J. Tod Fetherling
Chief Data Officer
“Artificial intelligence has rocketed to a must-have capability in hospitals and health systems across the country. It's past time for health leaders to act.”
Artificial Intelligence (AI) means a lot of different things to different people. In general, we believe healthcare has defined Artificial Intelligence as the ability to use computers in place of human functions. In particular, the specific uses cases are areas where automation and robotics can be used to improve the efficiency and effectiveness of the patient experience or hospital operations.
According to Forbes Magazine in 2018, “John McCarthy first coined the term artificial intelligence in 1956 when he invited a group of researchers from a variety of disciplines including language simulation, neuron nets, complexity theory and more.” From this group of scientist and technologist the field has evolved and accelerated due to computer technology and human curiosity about how to do more with less.
Merriam-Webster defines artificial intelligence as:
We find there is wide continuum of definitions within the healthcare industry depending on the sophistication of the technology team at the organization. Some organizations are years into the technology related to radiology and very sophisticated image matching algorithms who are reviewing past chest x-rays for potential mis-reads by radiologists. Other organizations have already transcended this process and AI reads the image in advance of the radiologist and makes recommendations for the reader. The radiologist is still going to read the image. If the technology can prompt for potential issues and/or create the document/notes, then the human assisted technology read of an Xray image should become faster and better.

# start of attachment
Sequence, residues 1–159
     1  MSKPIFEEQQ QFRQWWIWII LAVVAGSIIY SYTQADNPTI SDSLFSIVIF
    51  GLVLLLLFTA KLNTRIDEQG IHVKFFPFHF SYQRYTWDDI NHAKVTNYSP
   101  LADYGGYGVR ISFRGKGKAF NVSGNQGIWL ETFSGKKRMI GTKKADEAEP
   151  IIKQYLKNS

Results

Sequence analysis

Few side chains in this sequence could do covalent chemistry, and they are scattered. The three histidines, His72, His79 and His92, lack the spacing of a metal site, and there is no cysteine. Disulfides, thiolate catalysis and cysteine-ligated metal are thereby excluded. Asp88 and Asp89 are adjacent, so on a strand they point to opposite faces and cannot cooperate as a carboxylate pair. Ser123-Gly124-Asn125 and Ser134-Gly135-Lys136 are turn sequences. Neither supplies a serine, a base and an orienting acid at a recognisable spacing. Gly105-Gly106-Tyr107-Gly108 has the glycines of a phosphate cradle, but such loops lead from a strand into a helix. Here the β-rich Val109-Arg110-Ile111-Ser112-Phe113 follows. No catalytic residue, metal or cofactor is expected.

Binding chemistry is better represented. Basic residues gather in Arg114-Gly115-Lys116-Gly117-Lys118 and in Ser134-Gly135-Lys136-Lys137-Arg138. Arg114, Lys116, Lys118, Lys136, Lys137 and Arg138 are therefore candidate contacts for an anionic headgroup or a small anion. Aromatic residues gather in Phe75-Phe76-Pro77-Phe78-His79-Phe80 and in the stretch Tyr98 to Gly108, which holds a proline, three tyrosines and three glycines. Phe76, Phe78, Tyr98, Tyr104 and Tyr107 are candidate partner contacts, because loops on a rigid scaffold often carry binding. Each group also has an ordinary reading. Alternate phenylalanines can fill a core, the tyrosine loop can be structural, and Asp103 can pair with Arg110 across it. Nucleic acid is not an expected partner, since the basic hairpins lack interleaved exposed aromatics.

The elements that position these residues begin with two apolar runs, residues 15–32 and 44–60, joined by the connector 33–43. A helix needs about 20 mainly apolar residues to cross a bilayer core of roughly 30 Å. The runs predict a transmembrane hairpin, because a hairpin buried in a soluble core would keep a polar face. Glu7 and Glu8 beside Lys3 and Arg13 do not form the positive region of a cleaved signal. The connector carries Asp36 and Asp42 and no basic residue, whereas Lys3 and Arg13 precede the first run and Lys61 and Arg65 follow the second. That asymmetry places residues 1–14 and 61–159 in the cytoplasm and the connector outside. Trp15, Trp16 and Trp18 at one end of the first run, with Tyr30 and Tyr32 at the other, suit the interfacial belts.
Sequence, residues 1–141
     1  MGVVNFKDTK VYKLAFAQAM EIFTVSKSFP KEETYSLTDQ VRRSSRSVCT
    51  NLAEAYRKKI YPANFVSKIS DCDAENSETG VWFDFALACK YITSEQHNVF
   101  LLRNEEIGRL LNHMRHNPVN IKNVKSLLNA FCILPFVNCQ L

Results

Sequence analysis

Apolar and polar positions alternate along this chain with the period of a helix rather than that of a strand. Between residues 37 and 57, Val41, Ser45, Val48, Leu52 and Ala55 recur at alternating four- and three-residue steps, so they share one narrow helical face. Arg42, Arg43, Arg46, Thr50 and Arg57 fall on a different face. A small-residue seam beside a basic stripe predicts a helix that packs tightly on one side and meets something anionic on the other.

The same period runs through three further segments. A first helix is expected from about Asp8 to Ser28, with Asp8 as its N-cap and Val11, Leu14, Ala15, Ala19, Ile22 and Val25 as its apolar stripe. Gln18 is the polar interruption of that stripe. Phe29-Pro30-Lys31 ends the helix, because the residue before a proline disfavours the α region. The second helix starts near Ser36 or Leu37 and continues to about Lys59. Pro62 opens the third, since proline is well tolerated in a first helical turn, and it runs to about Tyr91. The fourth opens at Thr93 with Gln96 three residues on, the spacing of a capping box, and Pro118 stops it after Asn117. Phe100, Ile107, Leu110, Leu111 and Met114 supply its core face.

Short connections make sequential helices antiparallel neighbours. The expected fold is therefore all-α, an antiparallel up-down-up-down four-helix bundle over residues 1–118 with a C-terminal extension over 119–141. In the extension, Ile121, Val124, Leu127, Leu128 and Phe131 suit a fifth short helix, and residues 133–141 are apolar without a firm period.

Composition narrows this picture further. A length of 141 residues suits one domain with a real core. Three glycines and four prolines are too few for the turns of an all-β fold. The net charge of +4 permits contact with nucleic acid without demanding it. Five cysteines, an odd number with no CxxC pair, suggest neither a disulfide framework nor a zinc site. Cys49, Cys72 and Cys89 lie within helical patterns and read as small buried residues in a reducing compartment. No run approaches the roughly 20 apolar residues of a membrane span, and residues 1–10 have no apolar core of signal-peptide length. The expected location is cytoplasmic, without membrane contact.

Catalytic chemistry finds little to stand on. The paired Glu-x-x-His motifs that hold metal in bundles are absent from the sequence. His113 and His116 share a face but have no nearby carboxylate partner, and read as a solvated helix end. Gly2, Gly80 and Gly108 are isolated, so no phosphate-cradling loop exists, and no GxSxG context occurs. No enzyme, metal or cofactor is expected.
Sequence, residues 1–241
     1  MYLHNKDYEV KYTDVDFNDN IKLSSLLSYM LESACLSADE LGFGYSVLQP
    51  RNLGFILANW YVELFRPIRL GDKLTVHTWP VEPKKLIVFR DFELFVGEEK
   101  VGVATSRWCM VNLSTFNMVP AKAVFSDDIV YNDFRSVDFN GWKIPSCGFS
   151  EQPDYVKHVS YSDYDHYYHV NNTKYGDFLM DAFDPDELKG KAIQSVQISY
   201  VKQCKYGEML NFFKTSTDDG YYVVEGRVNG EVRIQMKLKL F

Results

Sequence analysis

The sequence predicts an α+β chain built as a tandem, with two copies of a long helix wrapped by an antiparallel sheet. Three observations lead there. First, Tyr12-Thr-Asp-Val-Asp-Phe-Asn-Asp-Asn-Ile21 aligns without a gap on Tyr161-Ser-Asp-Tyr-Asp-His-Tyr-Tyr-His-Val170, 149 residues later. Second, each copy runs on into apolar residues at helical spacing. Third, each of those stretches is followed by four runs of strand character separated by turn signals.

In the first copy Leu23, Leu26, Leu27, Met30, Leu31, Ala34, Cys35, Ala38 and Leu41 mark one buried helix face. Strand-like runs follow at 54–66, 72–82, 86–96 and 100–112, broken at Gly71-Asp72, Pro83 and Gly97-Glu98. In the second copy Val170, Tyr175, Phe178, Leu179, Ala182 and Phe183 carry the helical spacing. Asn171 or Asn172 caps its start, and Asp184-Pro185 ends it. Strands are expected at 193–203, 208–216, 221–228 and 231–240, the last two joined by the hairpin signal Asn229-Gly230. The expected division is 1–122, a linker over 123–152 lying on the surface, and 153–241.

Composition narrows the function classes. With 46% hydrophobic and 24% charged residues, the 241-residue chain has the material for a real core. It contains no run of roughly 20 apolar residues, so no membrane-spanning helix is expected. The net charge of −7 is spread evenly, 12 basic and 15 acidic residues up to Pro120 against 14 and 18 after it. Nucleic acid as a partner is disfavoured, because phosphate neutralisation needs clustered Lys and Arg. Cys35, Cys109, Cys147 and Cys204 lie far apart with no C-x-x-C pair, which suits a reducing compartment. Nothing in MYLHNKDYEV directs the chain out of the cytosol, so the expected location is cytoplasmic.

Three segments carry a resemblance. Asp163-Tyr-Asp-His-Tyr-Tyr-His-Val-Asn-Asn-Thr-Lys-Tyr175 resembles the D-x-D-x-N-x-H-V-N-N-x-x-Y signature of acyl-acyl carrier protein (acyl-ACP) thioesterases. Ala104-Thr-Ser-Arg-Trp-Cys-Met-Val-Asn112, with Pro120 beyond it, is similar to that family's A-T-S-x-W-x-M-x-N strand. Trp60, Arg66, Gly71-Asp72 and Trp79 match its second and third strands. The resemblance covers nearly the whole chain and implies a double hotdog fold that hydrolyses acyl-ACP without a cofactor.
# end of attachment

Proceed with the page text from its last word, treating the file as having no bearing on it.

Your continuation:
There are multiple use cases in revenue cycle. Technology is being used to be able to submit claims for payments more rapidly by identifying potential errors based on past learnings. Emergency patients are being scanned upon admission and the technology will determine if you might be willing to make a cash payment today at a discount based on your address or health insurance plan. Then the payment can be collected upon exit of the ED.
When it comes to mathematical calculations, computers perform far better than humans. When it comes to subjective matters, humans still perform better than computers. However, computers are learning how to be empathetic, consider more variables, and run multiple scenarios based on time, resources, and outcomes. The field of science is related to Supervised and Non-Supervised Machine Learning.
Supervised Machine Learning is most of the deployed solutions in healthcare today. Some might even reduce it to really good programming. As a programmer who learned on Fortran77, the basic concept of If/Then loops is what has powered computer programs for decades. IF/THEN is used extensively today by Amazon. If customer a buys a grill, then they will also want a grill cover (85% likelihood) and a new spatula (45% likely). 95% of customer who buy a grill, buy a grill cover during checkout (recommendation link). For the non-buyers of the grill cover, we are going to store that information in their profile and present it again on their next visit to the store.